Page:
Atf4 Regulates Obesity, Glucose Homeostasis, and Energy Expenditure

  1. Jin Seo1,
  2. Edgardo S. Fortuno III1,
  3. Jae Myoung Suh1,
  4. Drew Stenesen1,
  5. Wei Tang1,
  6. Elizabeth J. Parks2,
  7. Christopher M. Adams3,
  8. Tim Townes4 and
  9. Jonathan M. Graff1,2,5
  1. 1Department of Developmental Biology, University of Texas Southwestern Medical Center, Dallas, Texas;
  2. 2Department of Internal Medicine, University of Texas Southwestern Medical Center, Dallas, Texas;
  3. 3Department of Internal Medicine, Roy J. and Lucille A. Carver College of Medicine, The University of Iowa, Iowa City, Iowa;
  4. 4Department of Biochemistry and Molecular Genetics, University of Alabama at Birmingham, Birmingham, Alabama;
  5. 5Department of Molecular Biology, University of Texas Southwestern Medical Center, Dallas, Texas.
  1. Corresponding author: Jonathan M. Graff, jon.graff{at}


OBJECTIVE We evaluate a potential role of activating transcription factor 4 (Atf4) in invertebrate and mammalian metabolism.

RESEARCH DESIGN AND METHODS With two parallel approaches—a fat body–specific green fluorescent protein enhancer trap screen in D. melanogaster and expression profiling of developing murine fat tissues—we identified Atf4 as expressed in invertebrate and vertebrate metabolic tissues. We assessed the functional relevance of the evolutionarily conserved expression by analyzing Atf4 mutant flies and Atf4 mutant mice for possible metabolic phenotypes.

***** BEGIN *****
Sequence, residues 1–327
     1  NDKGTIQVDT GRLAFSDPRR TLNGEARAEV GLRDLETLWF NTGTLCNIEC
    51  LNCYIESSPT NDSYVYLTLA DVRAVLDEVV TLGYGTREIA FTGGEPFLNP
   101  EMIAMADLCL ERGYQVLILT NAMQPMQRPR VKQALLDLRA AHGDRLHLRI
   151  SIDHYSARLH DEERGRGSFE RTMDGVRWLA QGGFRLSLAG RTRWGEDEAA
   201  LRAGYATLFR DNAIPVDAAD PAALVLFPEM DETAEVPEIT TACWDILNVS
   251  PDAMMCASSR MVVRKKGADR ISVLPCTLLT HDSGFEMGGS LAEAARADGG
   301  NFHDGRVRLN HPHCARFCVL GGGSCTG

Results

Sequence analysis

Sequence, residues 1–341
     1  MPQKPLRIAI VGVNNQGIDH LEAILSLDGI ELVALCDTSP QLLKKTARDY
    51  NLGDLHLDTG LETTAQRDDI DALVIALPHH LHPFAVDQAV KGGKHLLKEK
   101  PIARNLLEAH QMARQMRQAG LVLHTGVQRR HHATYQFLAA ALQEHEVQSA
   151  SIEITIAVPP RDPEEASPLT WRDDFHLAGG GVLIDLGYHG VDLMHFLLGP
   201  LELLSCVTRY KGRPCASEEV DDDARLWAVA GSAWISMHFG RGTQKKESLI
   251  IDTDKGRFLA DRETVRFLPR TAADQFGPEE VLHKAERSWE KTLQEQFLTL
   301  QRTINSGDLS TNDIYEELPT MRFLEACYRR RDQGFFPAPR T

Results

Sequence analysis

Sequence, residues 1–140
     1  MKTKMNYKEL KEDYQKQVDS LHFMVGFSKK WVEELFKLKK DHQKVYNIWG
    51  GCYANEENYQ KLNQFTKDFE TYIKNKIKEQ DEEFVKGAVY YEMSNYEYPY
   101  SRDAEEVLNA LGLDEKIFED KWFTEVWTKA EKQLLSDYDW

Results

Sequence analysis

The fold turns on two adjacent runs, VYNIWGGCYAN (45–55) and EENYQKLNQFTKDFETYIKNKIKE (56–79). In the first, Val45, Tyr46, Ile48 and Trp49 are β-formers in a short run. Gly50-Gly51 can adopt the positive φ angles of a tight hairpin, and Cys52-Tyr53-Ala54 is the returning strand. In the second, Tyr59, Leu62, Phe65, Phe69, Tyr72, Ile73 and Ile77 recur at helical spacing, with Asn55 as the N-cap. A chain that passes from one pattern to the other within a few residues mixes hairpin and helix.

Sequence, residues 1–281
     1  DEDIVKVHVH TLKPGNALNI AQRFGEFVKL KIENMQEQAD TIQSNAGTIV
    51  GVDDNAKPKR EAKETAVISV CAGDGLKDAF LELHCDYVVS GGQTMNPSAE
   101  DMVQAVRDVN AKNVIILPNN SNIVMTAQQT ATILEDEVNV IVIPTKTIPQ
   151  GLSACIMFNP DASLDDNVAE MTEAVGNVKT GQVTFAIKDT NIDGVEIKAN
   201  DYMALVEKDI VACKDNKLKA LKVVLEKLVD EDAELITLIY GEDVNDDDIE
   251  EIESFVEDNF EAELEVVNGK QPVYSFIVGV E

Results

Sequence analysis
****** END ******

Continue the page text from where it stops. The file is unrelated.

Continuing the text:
RESULTS Flies with insertions at the Atf4 locus have reduced fat content, increased starvation sensitivity, and lower levels of circulating carbohydrate. Atf4 null mice are also lean, and they resist age-related and diet-induced obesity. Atf4 null mice have increased energy expenditure potentially accounting for the lean phenotype. Atf4 null mice are hypoglycemic, even before substantial changes in fat content, indicating that Atf4 regulates mammalian carbohydrate metabolism. In addition, the Atf4 mutation blunts diet-induced diabetes as well as hyperlipidemia and hepatosteatosis. Several aspects of the Atf4 mutant phenotype resemble mice with mutations in components of the target of rapamycin (TOR) pathway. Consistent with the phenotypic similarities, Atf4 null mice have reduced expression of genes that regulate intracellular amino acid concentrations and lower intracellular concentration of amino acids, a key TOR input. Further, Atf4 mutants have reduced S6K activity in liver and adipose tissues.

CONCLUSIONS Atf4 regulates age-related and diet-induced obesity as well as glucose homeostasis in mammals and has conserved metabolic functions in flies.


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    • Received March 9, 2009.
    • Accepted July 28, 2009.
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  1. Diabetes vol. 58 no. 11 2565-2573
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